Friday, July 28, 2017

Time Travel

The whole reason to travel is to meet people. Oh, sure, there are pretty landscapes, historic sites, food to eat, but none of those things matter if you aren't meeting people from the place you've traveled to. You don't really meet people when you go in those big tour buses with fifty other people. You don't really get much of anything doing that, except a smaller bank account.

I was staying in a place called Seaview Tavern in Malin Head, Ireland, when I had the most meaningful encounter of the trip. Malin Head is a lightly populated peninsula largely and thankfully ignored by tourists, which is one of the reasons I wanted to go there. I wanted to get away from everything. If only I had stayed three nights there instead of Portrush.

the view from the tavern parking lot

a lighthouse stands in the distance

the building in the middle of the pic is the Seaview Tavern

kites. perfect day for it. the tavern is in view between the houses

the road to the tavern

The trip from Portrush to Malin Head was more than two hours - maybe closer to three - along narrow, winding roads, but I wasn't feeling all that uncomfortable driving. The day was gorgeous. I found the border crossing odd in that the only indication you had crossed the border at all was a sign telling you that speed limit signs were now in kilometers per hour instead of miles. I am sure that is intentional.

When I arrived, I checked in to one of the tavern's three rooms and went to the beach. I had intended to explore the peninsula a bit and maybe check out Farren's, the "most northerly pub in Ireland," when my stomach had other plans. I was on the beach when I started feeling bad. At first I thought it was the Guinness I had had the night before, but then the familiar pains began and I knew I was about to suffer from yet another bout of food poisoning on a trip. It had to have been that awful hamburger.

I laid in bed staring out at the sea for several hours. There are worse ways to be sick, I suppose. But the beautiful day was wasted. I tried to eat dinner in the evening but it didn't stay down. Oddly enough, though, I started feeling better after that, and in the morning, I had a weak stomach but was ok to go.

The weather wasn't, though. It was gray and ugly in the morning and then it rained because that's what it does in Ireland. I drove around the peninsula and stopped at various points to take photos, but when the rains really started coming down, I knew that the day was shot. I had been planning on hiking and walking on beaches all day. Oh well. I stopped at a pub called McGrory's to take a break from the driving and then decided just to head back to the tavern and drink Guinness all night. I'd been driving around for four or five hours anyway and had at least seen enough of the peninsula to feel like I got something out of it. County Donegal is truly beautiful, like all the emigrant songs say.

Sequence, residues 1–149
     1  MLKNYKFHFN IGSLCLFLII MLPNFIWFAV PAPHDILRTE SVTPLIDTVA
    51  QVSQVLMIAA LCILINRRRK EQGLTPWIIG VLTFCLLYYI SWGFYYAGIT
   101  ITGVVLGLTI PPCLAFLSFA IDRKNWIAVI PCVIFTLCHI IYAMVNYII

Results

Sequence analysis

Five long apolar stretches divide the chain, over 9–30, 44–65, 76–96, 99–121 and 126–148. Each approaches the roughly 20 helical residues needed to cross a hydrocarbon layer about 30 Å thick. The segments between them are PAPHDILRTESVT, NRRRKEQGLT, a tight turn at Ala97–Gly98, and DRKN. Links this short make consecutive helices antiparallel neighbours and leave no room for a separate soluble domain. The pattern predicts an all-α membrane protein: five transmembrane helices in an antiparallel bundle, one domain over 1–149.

Walking on Malin Head

I don't know what the 80 is for.

Then a guy from north of Dublin came in and we chatted all night about life things, Irish and American politics, music, art, travel, Bono, and all sorts of things, the kind of conversation I seek when I go somewhere, the reason I get on the airplane, but it was more, because I felt a real connection with him, like we were kindred spirits. We'd be friends in less fleeting moments.

Something inside me seemed to wake up that night, the artful soul in me. I felt totally at ease for the first time in ages, with none of the vexing anxiety I've been carrying for an insufferable while, anxiety that's stolen the creativity and ambition from me. I felt so comfortable in our conversation that I saw no need to hold back or hide anything; I said what I wanted to say like we were old friends, even before the Guinness started to take over. We joked and teased without worry about offense or cultural sensitivities. He showed me a painting of his. I admitted I still wanted to write. He was humble and modest and vulnerable. I was curious and attentive and self-assured. I have always tried to surround myself with people from whom I can learn, and he taught me a bit about Ireland and something about people.

Several local residents were there. At one point a group of guys tried to get a soccer game on the television, but they were blacked out. I was outraged for them and tried to help them get it on, wishing to be the hero of the night. Alas, I failed. It seems MLB and NFL aren't the only corporations who actively seek to block customers from using their products.

The night had to end sometime, and it ended with the spoken acknowledgement that we'd never see each other again, and that is depressing, because I would like to see him again. Therein lies the worst of travel, the ephemeral nature of it all. That may be why I take so many photos. It's as if I'm trying to capture every moment to take with me and live forever, desperately trying to bottle time itself. That night I wanted to stretch out for days. But nobody ever fights time and wins.



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